Incidentally, my first job after graduating was as a casual admin assistant in the civil service, earning about £6-7k a year. Thank god for mad cow disease, otherwise I'd probably still be signing on grin .

Joseph Kay
Jul 5 2012 09:15
the button wrote:
Why is this relevant? Well, it might not be. But maybe the "graduate without a future" is the truth of university education. Maybe going to university has *never* conferred special privileges and a golden future in and of itself. Maybe going to university was a marker of privilege rather than a privilege in itself (a symptom rather than the cause of better life outcomes, if you like). So if you broaden access to university education, what you're doing is increasing the numbers who go, who aren't already within the charmed circle who are going to do well for themselves.

I think this is pretty important. I went back to uni a couple of years ago to do a postgrad course, and funnily enough the people with family/social connections walked into high-up jobs (or internships, which they could afford to do for a couple of years as a bridge to those jobs), while those without signed on and/or went back to permatemping. The degree just makes the nepotism look legit (and of course even if it was 100% 'meritocratic', there's still far less positions like that available than there are graduates so the problem wouldn't go away if a few proles landed UN jobs).

I think this is probably what the current neoliberal university reforms are about. Complaints about creating a two-tier system miss the fact one already exists (i.e. class society). So there's likely to be a diversification of degrees from AC Grayling, Dawkins and co super-celebrity top dollar courses to streamlined 2 year degree equivalent professional qualifications for a knock-down rate. I've never applied for a job where the subject of my degree mattered (only the grade), so outside things like engineering and medicine, degrees are already basically a glorified numeracy/literacy/'communication and transferable skills' certificate.* The reforms just make that more explicit (and increase the debt required to get one).

* Which still probably gives you access to jobs people without one can't get, e.g. entry-level casual admin increasingly requires a degree, whereas casual cleaning doesn't.

Shorty
Jul 5 2012 11:42
Joseph Kay wrote:
Anyway, I'll need to listen to this, James Butler's usually pretty astute on stuff.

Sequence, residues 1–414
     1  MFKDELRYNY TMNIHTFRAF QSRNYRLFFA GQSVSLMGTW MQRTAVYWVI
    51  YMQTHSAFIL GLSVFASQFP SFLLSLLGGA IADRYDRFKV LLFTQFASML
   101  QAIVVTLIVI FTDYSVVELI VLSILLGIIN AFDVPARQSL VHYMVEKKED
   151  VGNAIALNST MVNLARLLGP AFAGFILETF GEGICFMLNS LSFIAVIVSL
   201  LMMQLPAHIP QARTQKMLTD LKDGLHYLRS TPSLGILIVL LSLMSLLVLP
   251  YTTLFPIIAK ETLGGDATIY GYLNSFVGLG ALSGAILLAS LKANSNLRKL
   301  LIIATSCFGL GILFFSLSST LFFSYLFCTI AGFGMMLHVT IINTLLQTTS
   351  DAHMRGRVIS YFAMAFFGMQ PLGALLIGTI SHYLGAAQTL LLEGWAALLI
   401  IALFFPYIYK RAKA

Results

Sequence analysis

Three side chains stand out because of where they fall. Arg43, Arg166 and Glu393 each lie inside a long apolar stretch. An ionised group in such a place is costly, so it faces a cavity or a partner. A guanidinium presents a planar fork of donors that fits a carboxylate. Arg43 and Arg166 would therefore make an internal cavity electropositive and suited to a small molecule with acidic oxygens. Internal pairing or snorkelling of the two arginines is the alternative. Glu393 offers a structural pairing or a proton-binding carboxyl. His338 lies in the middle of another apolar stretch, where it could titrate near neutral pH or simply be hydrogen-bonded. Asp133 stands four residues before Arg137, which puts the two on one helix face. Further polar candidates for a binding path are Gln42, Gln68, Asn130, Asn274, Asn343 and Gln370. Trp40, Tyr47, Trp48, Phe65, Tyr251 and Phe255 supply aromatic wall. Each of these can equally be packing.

Also sexy as hell to boot. wink

Caiman del Barrio
Jul 5 2012 13:04
orkhis wrote:
I like Mason, but his singular focus on students and relatively privileged student radicals is irritating. 

Mason doesn't say a whole lot about the huge numbers of workers without a university degree certificate or history of Facebook campaigns/critique of the 'Occupy Movement'.

Whilst there are clearly more young graduates than there have ever been,  I'm not sure I share Mason's faith in their revolutionary potential. Maybe I'm just alone in finding many of their earnest blogs and marches exclusive and cliquey.

In all honesty, what have students and activists with their tents and twitter accounts actually achieved? In London, the biggest challenges to capital have come from the electricians in the BESNA dispute and the cleaners in their fight for a living wage. In Egypt the battle that counts is surely that being waged in the factories, docks and other workplaces. 

Sure, lots of unemployed graduates creates some big problems for the state. I just don't see the current response from these groups as that encouraging. 

Excellent post.

I worry that for Mason, the whole GWAF thing has almost become like a mantra. Nina Power's article was also pretty weak IMO. Both of them seemed to be bending backwards to cater for an imagined liberal left 'guardianista' audience (whereas actually the comments below will follow political affiliation: radicals popping up to '+1' and conservatives/trolls making disingenuous snipes).

I also thoguht it was disappointing that Novara consequently focused on 'student'/young people issue. I worry that there's a tendency to see the current austerity offensive as focused on young people. I mean, I felt this pretty strongly when I was unemployed during the student movt and getting started on by drunks for 'looking like a student' (honest!), but there are plenty of well-networked, privileged young people who are making a mint, even in the current climate. Gentrification is predominantly being carried out by the under-40s after all.

the button
Jul 5 2012 13:16

This whole discussion is much better if you pronounce GWAF as "giwaffe" like I just did in my head.

wojtek
Jul 5 2012 15:27
wojtek
Sep 7 2012 00:46

I've the biggest braincrush on Pierce Penniless ever!